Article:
[-empyre-] Tacticality: 4 Anna

sdv at krokodile.co.uk sdv at krokodile.co.uk
Thu Apr 30 03:58:19 EST 2009

or possibly merely thinking she knows what is scary and stupid..

Michael Angelo Tata, PhD wrote:
> Or maybe what Anna is calling for is not strategy, which is primarily 
> totalizaing and singular, but tactics, which are fragmented, dspersed, 
> plural and framed in the absence of the God's-eye-view perspective 
> without which there are no totals, only partial sums?  I am thinking 
> again of Michel de Certeau.
> *******************************************
> *Michael Angelo Tata, PhD  347.776.1931-USA*
> *http://www.MichaelAngeloTata.com/* <http://www.michaelangelotata.com/>
> ------------------------------------------------------------------------
> Date: Tue, 28 Apr 2009 11:09:05 -0700
> From: editor at intertheory.org
> To: empyre at lists.cofa.unsw.edu.au
> Subject: Re: [-empyre-] Artists' responses to the so-called "crisis"
> dear anna...interesting comments, though I wonder if your 
> representation of the non-representable is not a bit too theological 
> for my taste? And transformation is such a magical enterprise... 
> alchemically speaking, I do not suspect that attribution of a quality 
> such as 'non-representabililty' adds or subtracts to the strategic 
> authenticity or legitimacy of politics, responses or art, for that 
> matter. Strategies, in other words, are always fatal...to their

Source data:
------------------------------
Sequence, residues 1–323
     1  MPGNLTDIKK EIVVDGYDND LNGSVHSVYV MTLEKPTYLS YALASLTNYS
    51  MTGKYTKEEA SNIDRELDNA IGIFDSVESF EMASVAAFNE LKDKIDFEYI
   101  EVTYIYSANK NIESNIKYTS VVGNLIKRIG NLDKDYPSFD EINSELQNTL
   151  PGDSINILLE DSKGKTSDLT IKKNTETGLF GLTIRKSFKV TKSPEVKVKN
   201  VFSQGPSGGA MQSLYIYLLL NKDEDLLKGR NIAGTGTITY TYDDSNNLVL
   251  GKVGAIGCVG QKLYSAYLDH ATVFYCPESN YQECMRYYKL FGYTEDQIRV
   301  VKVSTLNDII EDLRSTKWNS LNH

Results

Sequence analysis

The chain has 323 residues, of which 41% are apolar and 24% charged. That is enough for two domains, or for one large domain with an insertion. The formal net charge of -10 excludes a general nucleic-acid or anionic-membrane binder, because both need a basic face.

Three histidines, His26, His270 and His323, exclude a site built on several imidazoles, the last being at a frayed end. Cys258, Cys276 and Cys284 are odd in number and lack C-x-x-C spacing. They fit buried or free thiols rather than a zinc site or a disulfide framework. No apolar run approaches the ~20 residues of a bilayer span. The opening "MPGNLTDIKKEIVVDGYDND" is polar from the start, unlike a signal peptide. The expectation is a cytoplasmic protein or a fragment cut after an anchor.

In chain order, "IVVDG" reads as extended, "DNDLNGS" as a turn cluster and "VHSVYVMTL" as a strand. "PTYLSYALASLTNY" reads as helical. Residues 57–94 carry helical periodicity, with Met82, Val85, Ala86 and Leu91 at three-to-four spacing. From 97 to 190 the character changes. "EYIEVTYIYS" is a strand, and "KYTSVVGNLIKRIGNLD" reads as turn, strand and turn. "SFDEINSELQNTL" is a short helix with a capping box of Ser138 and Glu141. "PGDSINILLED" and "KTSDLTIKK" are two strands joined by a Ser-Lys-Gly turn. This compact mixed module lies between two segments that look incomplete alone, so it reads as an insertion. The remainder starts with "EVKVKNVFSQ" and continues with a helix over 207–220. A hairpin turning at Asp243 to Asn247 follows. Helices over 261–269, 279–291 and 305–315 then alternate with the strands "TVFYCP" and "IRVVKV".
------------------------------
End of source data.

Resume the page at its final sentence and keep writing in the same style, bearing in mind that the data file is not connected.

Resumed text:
> object, or to themselves. We all try to catch the falling the knife 
> with each attempt at becoming, no?
> Nicholas Ruiz III, Ph.D
> Editor, Kritikos
> http://intertheory.org <http://intertheory.org/>
> ------------------------------------------------------------------------
> *From:* Anna Munster <A.Munster at unsw.edu.au>
> *To:* soft_skinned_space <empyre at gamera.cofa.unsw.edu.au>
> *Sent:* Saturday, April 25, 2009 3:48:56 AM
> *Subject:* Re: [-empyre-] Artists' responses to the so-called "crisis"
> Sorry Nikos but as to your rhetorical 'no' below, I resoundingly reply 
> NO WAY!!. There is a world of difference between responding (rather 
> than reacting which is really what Joseph is talking about) to a 
> social, economic and political crisis using aesthetic strategies and 
> techniques vs. the 'arts' of finance, government or whatever other 
> institution you want to aestheticise.
> (a la Benjamin et al).
> The examples that Nik and Marc are talking about (and also what Brian 
> Holmes has been involved with) are emphatically not abut knee jerk 
> response or reaction but are about using nonrepresentational aesthetic 
> strategies - among a multitude of strategies which also include 
> activist, semiotic, political, social and affective ones – to 
> /transform/ subjective and collective situations. These are immanent, 
> critical, positive and productive relationships with crisis ie they do 
> not respond /to / crisis but rather work amid, through and via crisis 
> to work with what might be transformative about crises. And these 
> aesthetic strategies are absolutely everywhere both in and out of the 
> 'art world' eg Critical Art Ensemble, Harwood and Mongrel,16Beaver, 
> rebublicart project, The Senselab, eipcp, Make World, edu factory, The 
> Thing, Serial Space (sydney -based for all you North Americans who 
> need to get out more ;-)  etc etc etc. And these are just the 
> artists/collectives/projects - there's also a wealth of brilliant art 
> theory around this - try Hito Steyerl, Gerald Raunig, Brian Holmes, 
> Matthew Fuller, Florian Schneider, Brian Massumi all the FLOSS+art etc 
> etc etc